March 11, 2022 | LIFE | By Frances Thyer

Driving down a highway in Italy named “Autostrada 24,” Daniel Katz knew that it was time for a new style of entertainment company. A24 was officially founded in 2012, now producing and distributing 18 to 20 films annually. Katz and his two co-founders, David Fenkel and John Hodges, launched A24 in faith that films with a distinct point of view would be appealing to audiences; at the start of their careers, films had presumably lost some of their excitement. 

According to Katz, the first question they ask when considering producing a film is: “is this cool?”

As a relatively young production company, A24 has continued to awe indie film lovers with off-beat, low budget films in various genres. From coming-of-age stories to psychological thrillers, the company works with bold filmmakers to promote stories appealing to a wide range of audiences.

A24 has produced popular films such as “Uncut Gems,” starring Adam Sandler, and “Hereditary,” in which director Ari Aster provides countless bloodcurdling moments that ensure you will never again look out your car window without checking your surroundings.

Ari Aster’s “Midsommar,” my personal favorite of the films produced by A24, lies somewhere between a psychological thriller and a full-blown horror film. The nature of the story is perplexing, leading the audience from an ominous break-up to a sinister fairy tale. As the protagonist perceives the bright colors and horrific events at a summer celebration, we find that there is an intriguing depth and darkness to her character, extenuated by psychedelics and the physical isolation of rural Sweden.

As with many other A24 films, the cinematography provides another layer of artistry, exaggerating the protagonist’s point of view.

A24’s “Moonlight,” directed by Barry Jenkins, utilizes an opposing palette of dark blues and purples to draw the audience into the lives of the characters and create a sense of fractured identity. The film is a coming-of-age drama looking into the life of a young Black man in Miami. It won best picture at the 2016 Academy Awards.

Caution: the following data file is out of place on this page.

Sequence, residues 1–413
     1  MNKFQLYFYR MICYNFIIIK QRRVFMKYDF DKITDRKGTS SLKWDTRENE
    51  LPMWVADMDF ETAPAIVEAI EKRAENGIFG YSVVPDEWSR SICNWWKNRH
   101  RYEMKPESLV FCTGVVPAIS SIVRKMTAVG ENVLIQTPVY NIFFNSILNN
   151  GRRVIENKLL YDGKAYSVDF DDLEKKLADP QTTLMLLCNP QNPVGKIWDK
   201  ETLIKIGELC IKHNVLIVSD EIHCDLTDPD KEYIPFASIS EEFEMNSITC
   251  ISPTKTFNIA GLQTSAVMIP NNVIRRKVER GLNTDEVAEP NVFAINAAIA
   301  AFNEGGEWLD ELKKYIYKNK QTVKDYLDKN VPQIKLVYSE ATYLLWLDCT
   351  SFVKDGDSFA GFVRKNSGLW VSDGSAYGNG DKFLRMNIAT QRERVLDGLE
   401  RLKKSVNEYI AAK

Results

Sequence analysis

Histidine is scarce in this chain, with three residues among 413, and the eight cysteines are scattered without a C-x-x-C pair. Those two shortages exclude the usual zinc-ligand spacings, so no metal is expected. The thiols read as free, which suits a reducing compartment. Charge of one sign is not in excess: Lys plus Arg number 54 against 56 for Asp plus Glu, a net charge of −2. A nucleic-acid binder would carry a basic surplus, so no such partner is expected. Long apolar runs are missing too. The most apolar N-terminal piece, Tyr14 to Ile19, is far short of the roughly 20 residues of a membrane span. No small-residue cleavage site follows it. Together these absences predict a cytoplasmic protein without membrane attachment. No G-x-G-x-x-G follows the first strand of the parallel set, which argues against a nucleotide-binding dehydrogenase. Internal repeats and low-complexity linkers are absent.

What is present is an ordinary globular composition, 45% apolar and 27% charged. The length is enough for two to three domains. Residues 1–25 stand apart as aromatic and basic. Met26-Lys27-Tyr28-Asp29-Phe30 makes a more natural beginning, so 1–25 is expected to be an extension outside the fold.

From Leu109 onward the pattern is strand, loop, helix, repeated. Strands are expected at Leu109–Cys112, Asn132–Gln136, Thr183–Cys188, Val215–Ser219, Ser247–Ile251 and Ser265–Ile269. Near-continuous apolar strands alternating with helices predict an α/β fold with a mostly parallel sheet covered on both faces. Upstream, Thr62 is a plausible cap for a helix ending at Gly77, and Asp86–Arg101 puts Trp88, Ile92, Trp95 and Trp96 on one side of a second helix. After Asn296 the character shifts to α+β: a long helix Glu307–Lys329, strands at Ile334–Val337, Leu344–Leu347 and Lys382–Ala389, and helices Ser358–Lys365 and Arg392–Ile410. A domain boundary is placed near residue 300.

For more coming-of-age stories, A24 has produced films such as “Lady Bird,” which follows the protagonist through her senior year of high school as she navigates romance, college, and belonging. Each scene is intricately woven together through a charming and honest perspective intrinsic to A24 movies.

If you’re interested in middle school drama, Jonah Hill’s “Mid 90s” provides a sweet yet authentic look at growing up through the lens of skateboarding. The film was Hill’s introduction to writing and directing, commenting that “having the A24 logo in front of your movie is like a badge of honor.”

A24 has also played with experimental promotion for a number of their films, including Facebook advertising for “Spring Breakers,” inspired by Leonardo da Vinci’s “Last Supper.”The post depicted James Franco and several women with the caption, “On Friday, be good. We’re saving you a seat” alongside a link for tickets.

When promoting “Ex Machina,” a radical film which speculates about the future of artificial intelligence, A24 designed a Tinder bot for a South by Southwest Interactive Festival in Austin. The profile used a photo of the film’s protagonist, asking those she matched with what made them human and leading them to her Instagram, where information on the film’s release “just so happened” to be available.

Some films to look out for from A24 in 2022 include “After Yang,” a sci-fi released on March 4.

Audiences can also look forward to the release of “Everything Everywhere All At Once,” which focuses on multi-verse travel and hits theaters on March 25.

A24 films are available on various streaming platforms.

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